Conor Lamb is a very moderate Democrat. In probably any other district, he would be a moderate Republican. So, it's kind of fascinating to watch. Either man could win.

We have Joe Biden. I have lived here in the district. We have Joe Biden coming here on Monday and I believe tentatively, President Trump is planning to be here at the end of the week.

MARTIN SAVIDGE, CNN ANCHOR: Let me raise this issue. Rick Saccone's campaign says that he supports, of course, President Trump's new tariffs and I'm wondering is there a kind of sense that the president's announcement of tariffs on steel and aluminum were made in part, say, to directly boost the GOP candidate in the district?

ZITO: Maybe. I'm not positive. It's not a district that the tariffs would necessarily benefit. Most of the industry around here is either health care or the shale industry. The coal industry around and steel industry in this district is pretty much gone.

CHRISTI PAUL, CNN ANCHOR: A state writer says Democrats can't draw much from a win here because their candidate in this race might come out -- I mean, might have come out of a lab, they say. We know he is a marine veteran and he talks about Jesus. He goes to gun shows.

He's a fan of fracking and not of Nancy Pelosi, as you mentioned. He's personally against abortion but for a woman's right to choose. He's in favor of tougher background checks but isn't ready to ban assault weapons.

All of that obviously would play well to voters in a specific district. But expand a little more on what kind of impact a Lamb win would really have once you get to Washington and to say even a country voting?

ZITO: Well, he would very reminiscent of the candidates that won for the Democrats in 2006. They were pretty moderate. They are pro-gun. Many of them were pro-life. And, you know, they won in a big wave in 2006 in swing districts just like the one that I live in, in the Pennsylvania 18th.

You know, their struggle is how far left their party then goes if they win the majority. So, that's what happened to them. By 2010, they were -- they were pretty much wiped out.

It's interesting to me in this specific race, in this district, Conor Lamb is the perfect fit but he's not the perfect fit for every district. I mean, it's like having two Republicans run in the same -- it's almost like --

PAUL: Yes, that's my question, real quickly. If Conor Lamb wins, is it really a loss for Republicans?

ZITO: No. If he remains independent, no, because that means that he could be a vote that they could possibly count on important issues that he stands for, such as no gun control.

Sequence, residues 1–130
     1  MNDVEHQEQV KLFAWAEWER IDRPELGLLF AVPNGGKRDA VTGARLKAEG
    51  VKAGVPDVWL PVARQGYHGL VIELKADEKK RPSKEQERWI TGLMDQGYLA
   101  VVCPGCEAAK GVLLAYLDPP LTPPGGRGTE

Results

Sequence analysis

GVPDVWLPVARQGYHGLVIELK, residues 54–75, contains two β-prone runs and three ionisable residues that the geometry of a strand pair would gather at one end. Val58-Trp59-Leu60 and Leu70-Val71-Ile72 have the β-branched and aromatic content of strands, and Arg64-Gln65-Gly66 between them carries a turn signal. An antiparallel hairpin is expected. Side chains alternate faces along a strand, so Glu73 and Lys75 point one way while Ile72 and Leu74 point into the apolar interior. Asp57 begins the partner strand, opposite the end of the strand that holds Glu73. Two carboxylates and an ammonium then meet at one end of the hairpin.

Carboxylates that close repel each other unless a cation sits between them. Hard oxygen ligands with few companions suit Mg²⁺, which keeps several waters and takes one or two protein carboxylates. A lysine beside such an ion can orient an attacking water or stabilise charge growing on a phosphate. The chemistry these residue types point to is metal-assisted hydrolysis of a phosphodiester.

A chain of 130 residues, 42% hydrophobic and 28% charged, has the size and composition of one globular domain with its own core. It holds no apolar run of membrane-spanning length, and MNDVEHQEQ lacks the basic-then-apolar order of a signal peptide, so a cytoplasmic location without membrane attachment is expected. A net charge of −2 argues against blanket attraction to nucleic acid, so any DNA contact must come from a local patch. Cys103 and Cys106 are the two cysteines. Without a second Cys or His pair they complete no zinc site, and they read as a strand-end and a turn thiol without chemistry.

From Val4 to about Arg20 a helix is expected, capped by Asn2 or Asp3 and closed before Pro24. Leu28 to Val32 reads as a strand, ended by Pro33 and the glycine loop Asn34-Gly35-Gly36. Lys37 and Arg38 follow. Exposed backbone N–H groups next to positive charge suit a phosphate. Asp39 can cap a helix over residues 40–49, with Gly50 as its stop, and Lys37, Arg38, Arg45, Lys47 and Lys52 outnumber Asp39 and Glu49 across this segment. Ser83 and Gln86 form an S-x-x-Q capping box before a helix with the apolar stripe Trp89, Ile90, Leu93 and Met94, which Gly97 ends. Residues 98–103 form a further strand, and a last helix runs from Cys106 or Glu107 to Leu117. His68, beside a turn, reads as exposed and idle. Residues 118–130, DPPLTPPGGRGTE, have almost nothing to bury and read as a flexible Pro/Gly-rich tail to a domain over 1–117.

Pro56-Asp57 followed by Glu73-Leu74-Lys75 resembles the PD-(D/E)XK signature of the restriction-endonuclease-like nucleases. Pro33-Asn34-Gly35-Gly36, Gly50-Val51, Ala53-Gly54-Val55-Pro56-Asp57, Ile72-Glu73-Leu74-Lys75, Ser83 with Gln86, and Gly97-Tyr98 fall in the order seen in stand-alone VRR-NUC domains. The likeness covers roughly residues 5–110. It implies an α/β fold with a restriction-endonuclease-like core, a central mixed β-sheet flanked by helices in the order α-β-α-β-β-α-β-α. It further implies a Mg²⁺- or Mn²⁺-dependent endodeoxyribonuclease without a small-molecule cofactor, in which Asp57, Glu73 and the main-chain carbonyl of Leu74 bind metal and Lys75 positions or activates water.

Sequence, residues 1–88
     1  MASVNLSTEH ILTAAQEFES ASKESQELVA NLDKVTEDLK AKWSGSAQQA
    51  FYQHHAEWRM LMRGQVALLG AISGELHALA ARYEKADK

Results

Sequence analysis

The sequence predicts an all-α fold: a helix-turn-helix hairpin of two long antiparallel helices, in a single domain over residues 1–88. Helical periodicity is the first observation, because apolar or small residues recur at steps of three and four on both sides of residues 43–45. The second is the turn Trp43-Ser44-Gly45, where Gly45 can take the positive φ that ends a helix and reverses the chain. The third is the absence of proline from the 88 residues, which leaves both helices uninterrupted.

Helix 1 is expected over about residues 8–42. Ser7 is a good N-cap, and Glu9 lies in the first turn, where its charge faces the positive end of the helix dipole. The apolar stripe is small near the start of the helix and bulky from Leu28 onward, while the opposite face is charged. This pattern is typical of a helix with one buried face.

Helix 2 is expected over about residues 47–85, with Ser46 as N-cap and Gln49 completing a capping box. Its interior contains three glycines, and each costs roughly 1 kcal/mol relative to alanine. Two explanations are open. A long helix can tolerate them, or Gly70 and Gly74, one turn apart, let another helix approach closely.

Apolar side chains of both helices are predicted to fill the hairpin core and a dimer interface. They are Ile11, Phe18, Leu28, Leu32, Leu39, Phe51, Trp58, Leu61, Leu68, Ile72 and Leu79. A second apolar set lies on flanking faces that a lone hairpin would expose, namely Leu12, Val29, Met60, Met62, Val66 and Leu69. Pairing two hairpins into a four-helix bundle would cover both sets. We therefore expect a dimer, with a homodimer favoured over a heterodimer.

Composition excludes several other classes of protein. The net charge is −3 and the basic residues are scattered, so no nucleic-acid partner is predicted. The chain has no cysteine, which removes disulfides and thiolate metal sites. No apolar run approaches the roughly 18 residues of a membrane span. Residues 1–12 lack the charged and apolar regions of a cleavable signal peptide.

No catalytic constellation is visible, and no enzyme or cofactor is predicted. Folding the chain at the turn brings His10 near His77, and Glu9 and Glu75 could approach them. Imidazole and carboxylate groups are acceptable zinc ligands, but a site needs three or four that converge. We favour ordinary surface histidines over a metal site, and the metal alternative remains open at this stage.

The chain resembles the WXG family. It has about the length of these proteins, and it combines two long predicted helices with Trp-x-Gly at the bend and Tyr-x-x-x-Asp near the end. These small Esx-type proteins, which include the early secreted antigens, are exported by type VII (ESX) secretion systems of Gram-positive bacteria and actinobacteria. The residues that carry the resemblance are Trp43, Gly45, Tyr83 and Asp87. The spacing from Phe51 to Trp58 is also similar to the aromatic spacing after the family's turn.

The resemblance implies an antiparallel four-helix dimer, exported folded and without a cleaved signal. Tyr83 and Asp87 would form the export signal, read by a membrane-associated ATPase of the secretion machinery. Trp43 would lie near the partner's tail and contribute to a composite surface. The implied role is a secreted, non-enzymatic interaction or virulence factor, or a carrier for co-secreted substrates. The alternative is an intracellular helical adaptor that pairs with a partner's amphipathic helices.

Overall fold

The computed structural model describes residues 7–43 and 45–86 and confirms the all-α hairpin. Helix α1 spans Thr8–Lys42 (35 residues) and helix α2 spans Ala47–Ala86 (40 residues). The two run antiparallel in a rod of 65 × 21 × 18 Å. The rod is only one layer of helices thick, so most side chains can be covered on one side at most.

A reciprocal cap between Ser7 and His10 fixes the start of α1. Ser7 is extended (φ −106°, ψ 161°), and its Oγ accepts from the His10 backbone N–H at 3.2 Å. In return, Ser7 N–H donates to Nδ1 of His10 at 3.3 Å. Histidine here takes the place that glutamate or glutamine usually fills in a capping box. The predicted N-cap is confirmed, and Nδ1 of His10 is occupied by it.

PAUL: All righty. Salena Zito, we appreciate your insight so much.

ZITO: Thank you for having me.

PAUL: Thank you for being here.

SAVIDGE: Still to come this morning, the red carpet, the fashion, the speeches, the Oscars kick off tonight, but there will be drama and it won't all be on the stage. We will discuss how the Time's Up and Me Too Movements are stirring up Hollywood's biggest night.


[07:38:10] PAUL: All right. For those having a party tonight, you know, to watch Hollywood's biggest night, the 90th Annual Academy Awards. This is a show that's going to honor the best in film and TV. This year's nominees are as diverse as ever.

No apparently clear front-runner for best picture necessarily. There are several films that have already won at other recent award ceremonies which kind of clouds what they think might happen tonight.

But I want to bring in CNN entertainment reporter Chloe Melas.

Chloe, always good to see you.

Tell us about the Time's Up and Me Too Movement. They are going to have a strong platform there tonight and there are questions about whether that may dominate the evening.

CHLOE MELAS, CNN ENTERTAINMENT REPORTER: You know, this is the first Academy Awards since this Me Too, Time's Up Movement have sprung up and many are calling a national reckoning. We're not going to see all black dresses. We will see some Time's Up pins.

But, you know, Ava DuVernay, the director has come out and she has said they are, quote, standing down at the awards show this year that they don't want to make every single red carpet in Hollywood about Time's Up, but they want to be strategic going forward. I actually went to Washington, D.C. earlier this week and I spoke to

Tina Tchen, Michelle Obama's former chief of staff who is heading up this legal defense fund and she said that they have had thousands of requests for help, but that they have raised some money but it's still not enough.

SAVIDGE: Let me --


TINA TCHEN, CO-FOUNDER, TIME'S UP LEGAL DEFENSE FUND: We recruited lawyers and a lot of these lawyers and public relations professionals are going to do this work pro bono and continue to represent people for free, but we also know the need is great and not every lawyer can afford to give free legal services away. Anybody who has been involved in court cases and litigation knows that $21 million dollars, as much as that is, isn't enough, and especially as we are getting thousands of requests for help.


[07:40:01] MELAS: You know, they have also told me they have already taken on 1,000 cases, which is absolutely incredible.

SAVIDGE: It is. Yes. One more sort of news element before we move into the sort of getting your best thoughts on who is going to win.

Ryan Seacrest, he's embroiled in a sexual harassment scandal of his own. He's going to be on the red carpet. How do you think that's going to play on?